New Vocabulary Words: Test on 1/16

Vocabulary–Set 7


1. Figurative language- word or phrase that doesn’t have the same basic everyday meaning**figuratively speaking; not literally

Examples of figurative  language include: onomatopoeias (sounds),  similes (comparison between two things using “like” or “as”), metaphors (comparing two thing NOT using “like” or “as”),  idioms (I have butterflies in my stomach/ It’s raining cats and dogs), hyperboles (I have asked you that a thousand times), personification (The wind whispered), etc.

2. simile – a comparison between 2 unlike things using “like” or “as”

Example: She was as clever as a fox.

3. metaphor- a directly stated comparison without using “like” or “as”

Example: Our defensive line was a rock wall last night.

4. onomatopoeia – the sound suggest the meaning (the attempt to spell out a sound)

Examples: boom, bang, growl, buzz, meow

**We heard the hiss of the snake and the buzz of the bees.

5. personification – giving human characteristics to inanimate objects or animals

Examples: The wind softly whispered in our ears. The leaves danced in the tree.

6. alliteration – The repetition of the same sounds or letter at the beginning of each (or most) of the words in a sentence.

Example: Peter Piper picked a peck of pickled peppers.

Ann ate anxiously as she waited her for Aunt Angie to arrive.

7. hyperbole – extreme exaggeration (to make something greater or worse than it really is)

Examples: I’ve told you a million times. I have a ton of homework. If I don’t get a puppy, I’ll die.

8. idiom – a phrase which has a different meaning than the literal meanings of each word.

Examples: Hold your horses, a piece of cake, give it a shot

9. stanza – a group of lines forming a unit in a poem (like a paragraph)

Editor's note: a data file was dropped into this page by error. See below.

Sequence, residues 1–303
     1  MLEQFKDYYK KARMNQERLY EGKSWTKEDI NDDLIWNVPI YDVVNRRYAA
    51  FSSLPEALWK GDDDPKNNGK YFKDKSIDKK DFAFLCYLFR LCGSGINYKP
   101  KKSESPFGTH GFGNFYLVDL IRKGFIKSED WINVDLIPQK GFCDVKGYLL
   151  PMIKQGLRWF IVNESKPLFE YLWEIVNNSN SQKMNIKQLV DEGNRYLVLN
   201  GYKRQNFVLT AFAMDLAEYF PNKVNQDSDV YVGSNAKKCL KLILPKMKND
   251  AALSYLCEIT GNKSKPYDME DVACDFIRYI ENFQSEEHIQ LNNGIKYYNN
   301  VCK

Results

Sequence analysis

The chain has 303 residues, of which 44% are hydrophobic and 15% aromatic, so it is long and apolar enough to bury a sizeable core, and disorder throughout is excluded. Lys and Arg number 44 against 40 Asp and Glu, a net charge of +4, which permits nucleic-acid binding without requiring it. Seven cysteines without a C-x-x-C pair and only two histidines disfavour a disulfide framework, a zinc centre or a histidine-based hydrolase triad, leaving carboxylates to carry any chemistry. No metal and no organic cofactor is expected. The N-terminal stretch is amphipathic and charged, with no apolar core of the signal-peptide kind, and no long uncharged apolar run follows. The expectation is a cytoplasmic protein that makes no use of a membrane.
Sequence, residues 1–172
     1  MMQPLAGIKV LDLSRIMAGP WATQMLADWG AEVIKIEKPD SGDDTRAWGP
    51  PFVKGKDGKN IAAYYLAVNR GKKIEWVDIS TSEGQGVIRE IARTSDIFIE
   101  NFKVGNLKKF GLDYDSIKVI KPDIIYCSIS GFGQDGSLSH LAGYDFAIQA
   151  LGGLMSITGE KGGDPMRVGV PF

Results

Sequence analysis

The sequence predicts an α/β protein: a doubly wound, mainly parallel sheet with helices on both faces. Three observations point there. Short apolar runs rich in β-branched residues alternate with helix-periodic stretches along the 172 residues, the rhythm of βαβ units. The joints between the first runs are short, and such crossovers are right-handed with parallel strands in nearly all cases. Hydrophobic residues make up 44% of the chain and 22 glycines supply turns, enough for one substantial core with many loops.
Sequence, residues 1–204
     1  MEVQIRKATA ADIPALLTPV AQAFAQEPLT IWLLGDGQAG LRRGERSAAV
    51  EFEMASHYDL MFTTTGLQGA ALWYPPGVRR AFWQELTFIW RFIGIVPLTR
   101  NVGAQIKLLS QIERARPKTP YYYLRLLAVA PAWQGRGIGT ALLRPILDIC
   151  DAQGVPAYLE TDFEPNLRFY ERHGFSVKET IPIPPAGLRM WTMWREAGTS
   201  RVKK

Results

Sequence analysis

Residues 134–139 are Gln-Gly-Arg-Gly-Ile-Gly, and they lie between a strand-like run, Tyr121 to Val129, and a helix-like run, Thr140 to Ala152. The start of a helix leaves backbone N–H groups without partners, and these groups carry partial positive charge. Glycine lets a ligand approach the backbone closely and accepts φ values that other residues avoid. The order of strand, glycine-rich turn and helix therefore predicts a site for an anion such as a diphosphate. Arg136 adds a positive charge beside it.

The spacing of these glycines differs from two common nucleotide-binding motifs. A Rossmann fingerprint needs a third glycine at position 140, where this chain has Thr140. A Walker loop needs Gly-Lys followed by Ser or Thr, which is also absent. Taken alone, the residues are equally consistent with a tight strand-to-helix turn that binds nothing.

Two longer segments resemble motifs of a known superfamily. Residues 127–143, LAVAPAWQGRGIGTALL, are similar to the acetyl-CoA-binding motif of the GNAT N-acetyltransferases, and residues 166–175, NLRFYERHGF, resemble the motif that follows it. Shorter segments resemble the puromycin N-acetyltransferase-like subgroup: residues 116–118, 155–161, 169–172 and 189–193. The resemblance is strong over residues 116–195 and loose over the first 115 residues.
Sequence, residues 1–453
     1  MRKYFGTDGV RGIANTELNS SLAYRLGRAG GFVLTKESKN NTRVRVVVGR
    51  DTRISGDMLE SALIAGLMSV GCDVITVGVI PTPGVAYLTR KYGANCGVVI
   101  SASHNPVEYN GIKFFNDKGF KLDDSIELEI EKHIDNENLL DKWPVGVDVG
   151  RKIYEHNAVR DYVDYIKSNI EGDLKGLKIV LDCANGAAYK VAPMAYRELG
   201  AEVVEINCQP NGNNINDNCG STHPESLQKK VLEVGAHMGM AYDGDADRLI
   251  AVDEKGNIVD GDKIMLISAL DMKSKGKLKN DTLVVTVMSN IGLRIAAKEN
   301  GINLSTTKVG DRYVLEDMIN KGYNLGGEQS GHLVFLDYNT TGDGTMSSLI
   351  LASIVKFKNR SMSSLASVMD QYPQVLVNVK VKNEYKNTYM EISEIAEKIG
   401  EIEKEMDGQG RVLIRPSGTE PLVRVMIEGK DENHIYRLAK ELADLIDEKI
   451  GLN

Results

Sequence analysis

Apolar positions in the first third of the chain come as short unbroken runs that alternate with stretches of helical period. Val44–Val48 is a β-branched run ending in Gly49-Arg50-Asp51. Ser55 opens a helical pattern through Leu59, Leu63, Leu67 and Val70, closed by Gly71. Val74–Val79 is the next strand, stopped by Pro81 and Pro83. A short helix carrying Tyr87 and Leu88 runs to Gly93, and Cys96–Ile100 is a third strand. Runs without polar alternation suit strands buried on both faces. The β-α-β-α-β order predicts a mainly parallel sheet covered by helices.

**2 line stanza is a couplet,

**4 line stanza is a quatrain

Example of a STANZA from Jack Prelutsky’s Be Glad Your Nose is on Your Face

“Be glad your nose is on your face,

not pasted on some other place,

for if it were where it is not,

you might dislike your nose a lot.”

10. rhythm – the beat in a poem *Nursery rhymes usually have rhythm.

Example: “Mary had a little lamb…”

“Twinkle, twinkle, little star…”

11. rhyme – two or more words which match in the same last sound

Example: cat/bat or flew/grew

12. mood – the feeling of a poem (could be pride, peace, sadness, fear, love, anger, etc.)

13. repetition – using a key word or phrases several times throughout a poem (used to emphasize or help the reader understand the topic better)

Example: Shel Silverstein’s Early Bird

Oh, if you’re a bird, be an early bird

And catch the worm for your breakfast plate.

If you’re a bird, be an early early bird-

But if you’re a worm, sleep late.

14. couplet – two-line stanzas that rhyme

Example:  Don’t tell snow not to snow,

                Don’t tell weeds not to grow.

15. sensory language – details from the five senses to add detail and depth to writing.

Example from Maya Angelou’s I Know Why the Caged Bird Sings:

They were flat round wafers, slightly browned on the edges and butter-yellow in the center

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